Careful selection of the materials composition of the layers in contact with the magnesium oxide or magnesium oxide containing layer avoids dielectric breakdown and chemical or electrochemical reaction of the magnesium oxide or magnesium oxide containing layer with adjacent layers. The selection can be made by incorporating the magnesium or magnesium oxide-containing layer into a thin film laminate so that it is in contact with the proposed adjacent thin film layers, subjecting the laminate to the process conditions for fabricating a display device and then applying appropriate voltage waveforms across the device to determine the stability of the laminate under conditions anticipated within the device during operation. Such determination is readily done by one skilled in dielectric strength characterization and electrochemical characterization measurements.
The magnesium oxide or magnesium oxide containing layer 18 may be deposited using any suitable vacuum deposition methods that are compatible with the processes used to deposit and anneal the phosphor thin film layer 20. In aspects, the method may be sputtering using a magnesium oxide target using a low pressure argon sputtering atmosphere or reactive sputtering from a magnesium target conducted in a low pressure oxygen containing atmosphere.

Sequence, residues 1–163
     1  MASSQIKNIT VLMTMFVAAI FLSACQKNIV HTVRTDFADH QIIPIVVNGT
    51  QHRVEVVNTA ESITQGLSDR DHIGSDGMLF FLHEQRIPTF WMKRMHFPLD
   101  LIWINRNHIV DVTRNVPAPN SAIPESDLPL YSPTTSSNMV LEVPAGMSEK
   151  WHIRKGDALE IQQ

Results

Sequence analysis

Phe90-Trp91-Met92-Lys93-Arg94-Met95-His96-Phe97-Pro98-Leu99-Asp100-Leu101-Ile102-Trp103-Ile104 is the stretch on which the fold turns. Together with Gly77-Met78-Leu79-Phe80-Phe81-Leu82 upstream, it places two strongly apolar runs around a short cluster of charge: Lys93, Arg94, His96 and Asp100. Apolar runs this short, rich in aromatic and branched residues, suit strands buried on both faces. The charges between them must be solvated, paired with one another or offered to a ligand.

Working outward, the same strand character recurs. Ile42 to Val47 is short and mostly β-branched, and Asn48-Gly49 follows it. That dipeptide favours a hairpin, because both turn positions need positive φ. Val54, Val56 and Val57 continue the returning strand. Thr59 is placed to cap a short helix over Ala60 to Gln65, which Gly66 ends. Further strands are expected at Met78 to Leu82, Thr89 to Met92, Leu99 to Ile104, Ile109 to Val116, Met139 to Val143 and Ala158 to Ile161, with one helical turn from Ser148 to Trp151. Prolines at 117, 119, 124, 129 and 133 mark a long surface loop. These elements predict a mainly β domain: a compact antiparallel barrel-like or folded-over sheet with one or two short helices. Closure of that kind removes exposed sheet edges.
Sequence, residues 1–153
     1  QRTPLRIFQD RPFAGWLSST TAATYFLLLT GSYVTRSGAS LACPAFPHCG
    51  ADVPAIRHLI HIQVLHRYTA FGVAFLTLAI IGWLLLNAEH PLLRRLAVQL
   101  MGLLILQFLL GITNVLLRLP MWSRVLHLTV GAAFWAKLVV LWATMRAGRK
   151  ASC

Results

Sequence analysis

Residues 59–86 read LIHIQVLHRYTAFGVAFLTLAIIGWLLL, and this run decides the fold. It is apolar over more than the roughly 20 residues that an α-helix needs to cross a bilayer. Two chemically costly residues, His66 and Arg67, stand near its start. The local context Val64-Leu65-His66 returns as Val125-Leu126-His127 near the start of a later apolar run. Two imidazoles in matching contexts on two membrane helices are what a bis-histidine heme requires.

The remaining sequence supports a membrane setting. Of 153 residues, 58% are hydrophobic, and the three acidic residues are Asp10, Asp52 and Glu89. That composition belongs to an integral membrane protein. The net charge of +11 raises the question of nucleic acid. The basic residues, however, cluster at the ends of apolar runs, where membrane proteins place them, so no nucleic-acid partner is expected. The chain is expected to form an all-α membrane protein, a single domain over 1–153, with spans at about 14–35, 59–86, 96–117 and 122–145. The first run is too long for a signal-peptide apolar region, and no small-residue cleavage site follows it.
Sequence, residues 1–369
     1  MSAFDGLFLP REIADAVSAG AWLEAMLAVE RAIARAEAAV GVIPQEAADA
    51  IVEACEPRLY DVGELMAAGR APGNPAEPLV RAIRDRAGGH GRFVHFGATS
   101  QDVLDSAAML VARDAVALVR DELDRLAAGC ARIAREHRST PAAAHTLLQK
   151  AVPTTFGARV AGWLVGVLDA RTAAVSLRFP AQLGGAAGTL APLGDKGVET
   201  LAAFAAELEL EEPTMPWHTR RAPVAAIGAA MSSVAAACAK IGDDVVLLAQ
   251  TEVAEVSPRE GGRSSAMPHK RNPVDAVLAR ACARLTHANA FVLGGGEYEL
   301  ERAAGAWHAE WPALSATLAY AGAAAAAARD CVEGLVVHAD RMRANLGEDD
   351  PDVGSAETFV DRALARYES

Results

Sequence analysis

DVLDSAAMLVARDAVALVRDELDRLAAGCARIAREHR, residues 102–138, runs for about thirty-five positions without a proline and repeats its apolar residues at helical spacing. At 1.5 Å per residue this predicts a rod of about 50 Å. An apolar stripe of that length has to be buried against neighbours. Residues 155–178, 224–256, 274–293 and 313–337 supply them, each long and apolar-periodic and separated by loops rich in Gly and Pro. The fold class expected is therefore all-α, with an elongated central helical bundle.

A part of the function of the magnesium oxide or magnesium oxide-containing layer is to minimize migration of oxygen or water into the phosphor material during device operation that may react with the phosphor material to cause performance degradation. Phosphor degradation may involve reaction of oxygen or water with the phosphor material to change the chemical composition of at least a portion of the phosphor material. The magnesium oxide or magnesium oxide-containing layer may reduce the rate of these reactions by acting as a barrier for oxygen or water originating from within the thick dielectric structure of the device. The magnesium oxide or magnesium-oxide-containing layer may also serve to nucleate the crystal grains of the phosphor layer when it is deposited in a favourable manner to improve its stability or it may act as a stress relief layer between the dielectric structure and the phosphor layer to minimize stress in the phosphor layer. It may also act to inhibit electrochemical reactions at the phosphor interfaces during operation when there is an electric potential across the phosphor layer and current flow across the phosphor layer.